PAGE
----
When Sewage and Pollutants Get in the Water, North Carolina Waits to Let People Know
By Andrew Kenney
When sewage and pollutants contaminate North Carolina's waters, the public often is the last to be alerted.
While workers in Burlington last month rushed to contain a huge spill of sewage liquids and downstream governments monitored their drinking water, no one reached out to the boaters who paddle the Haw River in the winter.
A week later, Duke Energy waited 26 hours to give public notice of an ongoing spill that filled the Dan River with millions of pounds of coal ash. Ten days after the leak was found, the state warned residents not to touch the sludgy material or eat fish from the river.
Environmentalists, some scientists and public officials downstream of the sites say the public needs to be alerted faster of potential health hazards. State Senate leader Phil Berger, a Republican from Eden, a community on the Dan River, has called for a legislative inquiry into both incidents.
He's "very concerned about the quality and timeliness of the responses of everyone involved," according to his office.
In recent interviews, two water-quality scientists said that a lack of warning can leave boaters and swimmers vulnerable to potentially dangerous materials.
"It's inappropriate to assume that there's no increased risk to recreaters who come in contact with the water if that discharge of sewage is still present in the water," said Mark Sobsey, director of the Environmental Microbiology Laboratory at the University of North Carolina at Chapel Hill, referring to the Haw River spill.
The town of Carrboro likely will push for a change in public-notice laws, said Randee Haven-O'Donnell, a member of the town's elected board. To her and others, the idea of waiting to announce an ongoing spill of sewage or industrial contaminants is incongruous with modern styles of communication.
"We live in a time now where you can instantly alert folks that this situation has occurred, that you don't have all the information, but you want them to stay away from being in the river, whether they're fishing or they're kayaking," Haven-O'Donnell said. Her town is near the Haw and may eventually use it for drinking water.
On the other side, state officials argue that they are vigilant about public health and that notifications in both the Haw and Dan spills met requirements of state law.
North Carolina law allows 48 hours for public notice, but the Department of Health and Human Services can intervene earlier, as it's tasked with identifying and responding to health concerns, including spills.
Burlington's spill began on the night of Jan. 26, when pressurized sewage erupted from about 8 feet underground, spraying from a crack in the main sewage line serving the East Burlington Wastewater Treatment Plant.
The city's emergency equipment wasn't powerful enough to handle the incoming sewage, so the raw effluent instead flooded from large manholes in a wooded area near the Haw, said Robert Patterson, director of water resources for the city.
It was "somewhere between a trickle and a gush," Patterson said. The design of the manholes prevented waste solids from overflowing, but wastewater contains bacteria and pollutants, said a spokeswoman for the state Department of Environment and Natural Resources.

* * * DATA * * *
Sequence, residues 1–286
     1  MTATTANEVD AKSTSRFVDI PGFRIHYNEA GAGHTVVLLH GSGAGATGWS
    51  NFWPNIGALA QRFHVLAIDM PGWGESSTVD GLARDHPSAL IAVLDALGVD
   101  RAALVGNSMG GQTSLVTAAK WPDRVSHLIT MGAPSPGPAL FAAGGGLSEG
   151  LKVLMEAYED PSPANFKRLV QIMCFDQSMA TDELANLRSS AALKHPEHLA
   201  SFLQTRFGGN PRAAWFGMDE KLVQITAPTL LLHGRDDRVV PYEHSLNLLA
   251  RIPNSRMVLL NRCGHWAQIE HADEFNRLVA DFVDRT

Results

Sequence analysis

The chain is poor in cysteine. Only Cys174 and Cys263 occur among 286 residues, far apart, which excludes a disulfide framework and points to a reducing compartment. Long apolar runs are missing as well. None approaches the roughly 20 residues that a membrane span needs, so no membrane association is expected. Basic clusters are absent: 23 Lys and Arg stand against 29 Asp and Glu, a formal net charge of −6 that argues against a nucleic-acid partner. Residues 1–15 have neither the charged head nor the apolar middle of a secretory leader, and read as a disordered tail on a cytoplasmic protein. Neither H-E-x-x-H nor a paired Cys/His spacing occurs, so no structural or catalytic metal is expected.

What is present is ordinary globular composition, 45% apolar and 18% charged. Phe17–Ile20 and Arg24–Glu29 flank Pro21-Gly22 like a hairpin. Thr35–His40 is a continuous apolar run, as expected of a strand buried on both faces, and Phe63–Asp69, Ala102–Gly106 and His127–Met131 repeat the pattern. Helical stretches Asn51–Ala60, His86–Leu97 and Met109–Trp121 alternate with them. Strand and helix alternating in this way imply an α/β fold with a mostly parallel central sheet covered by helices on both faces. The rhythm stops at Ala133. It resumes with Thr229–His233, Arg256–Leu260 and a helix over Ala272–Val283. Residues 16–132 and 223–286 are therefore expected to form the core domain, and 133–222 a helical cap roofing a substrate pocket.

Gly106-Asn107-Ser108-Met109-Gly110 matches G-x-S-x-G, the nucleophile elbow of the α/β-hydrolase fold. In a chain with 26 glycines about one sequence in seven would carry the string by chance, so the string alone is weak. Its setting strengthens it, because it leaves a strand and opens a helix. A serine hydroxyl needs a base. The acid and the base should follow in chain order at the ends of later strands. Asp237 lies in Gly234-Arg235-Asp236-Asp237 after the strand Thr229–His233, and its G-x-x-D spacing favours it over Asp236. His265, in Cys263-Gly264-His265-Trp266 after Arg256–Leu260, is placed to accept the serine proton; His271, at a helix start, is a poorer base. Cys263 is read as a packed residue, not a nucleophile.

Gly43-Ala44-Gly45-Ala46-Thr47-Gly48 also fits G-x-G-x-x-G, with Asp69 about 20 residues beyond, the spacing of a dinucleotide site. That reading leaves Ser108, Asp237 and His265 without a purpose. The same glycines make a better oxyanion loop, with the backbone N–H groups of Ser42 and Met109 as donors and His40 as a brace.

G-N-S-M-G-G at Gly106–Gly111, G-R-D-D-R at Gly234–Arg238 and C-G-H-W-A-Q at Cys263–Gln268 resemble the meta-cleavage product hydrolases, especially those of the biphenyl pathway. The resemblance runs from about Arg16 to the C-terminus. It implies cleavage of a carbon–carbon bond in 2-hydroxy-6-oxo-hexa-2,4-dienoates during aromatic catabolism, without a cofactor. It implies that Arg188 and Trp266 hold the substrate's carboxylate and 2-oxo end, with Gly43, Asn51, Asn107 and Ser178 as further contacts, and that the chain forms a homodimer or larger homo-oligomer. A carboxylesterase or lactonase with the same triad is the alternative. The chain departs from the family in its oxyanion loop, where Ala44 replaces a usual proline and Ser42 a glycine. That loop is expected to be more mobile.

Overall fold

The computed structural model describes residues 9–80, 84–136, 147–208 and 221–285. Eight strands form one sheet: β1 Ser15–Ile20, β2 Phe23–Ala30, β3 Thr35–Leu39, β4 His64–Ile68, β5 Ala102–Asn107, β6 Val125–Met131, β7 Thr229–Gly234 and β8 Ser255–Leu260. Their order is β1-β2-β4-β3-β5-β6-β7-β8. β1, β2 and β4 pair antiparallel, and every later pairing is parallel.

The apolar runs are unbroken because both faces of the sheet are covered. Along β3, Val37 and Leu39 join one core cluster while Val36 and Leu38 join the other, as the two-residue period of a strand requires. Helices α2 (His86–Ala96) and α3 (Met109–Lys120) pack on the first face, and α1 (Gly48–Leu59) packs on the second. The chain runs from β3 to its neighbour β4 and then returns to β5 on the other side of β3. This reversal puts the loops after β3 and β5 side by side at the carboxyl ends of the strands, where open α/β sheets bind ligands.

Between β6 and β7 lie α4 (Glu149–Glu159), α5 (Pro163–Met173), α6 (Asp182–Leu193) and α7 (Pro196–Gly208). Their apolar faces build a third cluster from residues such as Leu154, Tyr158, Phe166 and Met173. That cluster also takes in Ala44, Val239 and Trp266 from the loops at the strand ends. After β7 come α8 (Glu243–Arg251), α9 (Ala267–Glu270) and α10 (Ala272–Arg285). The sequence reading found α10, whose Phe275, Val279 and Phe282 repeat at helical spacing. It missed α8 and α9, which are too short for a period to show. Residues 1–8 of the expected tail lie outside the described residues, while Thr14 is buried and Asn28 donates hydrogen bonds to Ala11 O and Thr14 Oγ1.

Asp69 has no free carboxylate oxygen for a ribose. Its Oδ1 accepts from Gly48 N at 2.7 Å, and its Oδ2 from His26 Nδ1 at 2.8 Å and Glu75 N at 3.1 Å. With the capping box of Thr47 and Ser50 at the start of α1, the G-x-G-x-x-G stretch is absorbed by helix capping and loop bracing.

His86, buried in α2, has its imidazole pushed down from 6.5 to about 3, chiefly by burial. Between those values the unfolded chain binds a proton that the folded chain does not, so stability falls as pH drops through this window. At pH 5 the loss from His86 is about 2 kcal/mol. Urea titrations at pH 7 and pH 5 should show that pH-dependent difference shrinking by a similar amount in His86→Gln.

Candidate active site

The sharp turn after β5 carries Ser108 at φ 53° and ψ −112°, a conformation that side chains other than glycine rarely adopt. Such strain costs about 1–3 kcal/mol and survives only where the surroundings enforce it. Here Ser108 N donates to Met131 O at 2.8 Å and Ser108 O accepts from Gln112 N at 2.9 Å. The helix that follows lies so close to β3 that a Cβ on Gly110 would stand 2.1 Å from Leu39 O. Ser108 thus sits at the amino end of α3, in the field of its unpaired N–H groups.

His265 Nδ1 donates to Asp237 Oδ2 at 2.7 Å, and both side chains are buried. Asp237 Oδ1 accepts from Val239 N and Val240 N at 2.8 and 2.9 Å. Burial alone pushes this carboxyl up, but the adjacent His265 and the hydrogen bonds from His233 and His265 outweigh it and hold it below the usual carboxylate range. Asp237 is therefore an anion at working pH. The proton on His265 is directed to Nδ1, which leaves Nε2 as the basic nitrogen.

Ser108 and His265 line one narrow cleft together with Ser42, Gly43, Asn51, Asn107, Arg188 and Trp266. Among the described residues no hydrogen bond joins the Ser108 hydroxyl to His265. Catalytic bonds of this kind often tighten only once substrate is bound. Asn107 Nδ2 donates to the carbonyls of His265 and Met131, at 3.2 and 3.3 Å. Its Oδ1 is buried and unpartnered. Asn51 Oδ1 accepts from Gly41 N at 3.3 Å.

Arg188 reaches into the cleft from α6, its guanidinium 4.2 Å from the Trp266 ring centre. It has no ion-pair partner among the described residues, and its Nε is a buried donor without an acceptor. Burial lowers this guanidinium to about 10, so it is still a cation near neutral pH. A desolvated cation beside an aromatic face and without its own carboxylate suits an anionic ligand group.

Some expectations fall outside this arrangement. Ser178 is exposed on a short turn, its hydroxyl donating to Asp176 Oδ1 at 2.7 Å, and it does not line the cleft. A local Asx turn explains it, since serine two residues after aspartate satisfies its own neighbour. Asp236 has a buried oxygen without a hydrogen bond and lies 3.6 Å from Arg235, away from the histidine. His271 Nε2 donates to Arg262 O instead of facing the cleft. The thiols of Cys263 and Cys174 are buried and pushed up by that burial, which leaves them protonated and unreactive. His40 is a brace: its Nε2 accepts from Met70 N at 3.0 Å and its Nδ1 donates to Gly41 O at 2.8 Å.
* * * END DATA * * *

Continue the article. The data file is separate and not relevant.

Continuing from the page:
"It would kind of roll out the sides over the manhole, and then run across the ground onto a low point," Patterson said.
The flood continued from that Monday night until Wednesday afternoon, surging with heavier sewer usage. It ranks among the 50 largest sewer spills in the state's recent history, according to state records.
It's not clear when the sewage touched the Haw, but the state is standing by estimates that 3.5 million gallons flowed into the river.
DENR was informed Monday night, but no DENR representative visited the site until Thursday. Still, DENR officials told the city to hold off on a public notification, and even to wait beyond the legal 48-hour window.
"They said, 'Let's wait till we get it stopped.' We were in constant conversation," Patterson said.
He largely agrees with that approach: "I think you always want to give the most complete picture that you can. At that point, we weren't sure when exactly the flow is going to stop."
The Department of Health and Human Services, which is responsible for public health hazards, did not contact Patterson's department, he said. City and county officials were aware of no effort to post signs at the places boaters typically enter the river.
Corey Basinger, a regional supervisor for the Division of Water Resources within DENR, said that freezing temperatures likely minimized bacterial growth and the accompanying health threat. He and DENR spokeswoman Susan Massengale also said that the Haw's high flow would dilute the effluent, and that cold temperatures and ice on the river minimized recreation.
Joe Jacob, who owns Haw River Canoe & Kayak Co., said that high-water flows in winter actually draw paddlers to the river.
"If their kid would've been paddling the river that day, they sure would have wanted to know about it," the paddling guide said. And Sobsey, the UNC-CH professor, said that while cold temperatures help, raw sewage can remain a dangerous and pathogen-infested material for days or even weeks after its release.
"Raw sewage could easily have 100 million fecal coliform bacteria per 100 milliliters, compared to a limit of a few hundred for treated effluent," he said.
With that kind of concentration, a boater on the Haw who touched or swallowed the water could have contracted a gastrointestinal or respiratory illness, among other possibilities, Sobsey said.
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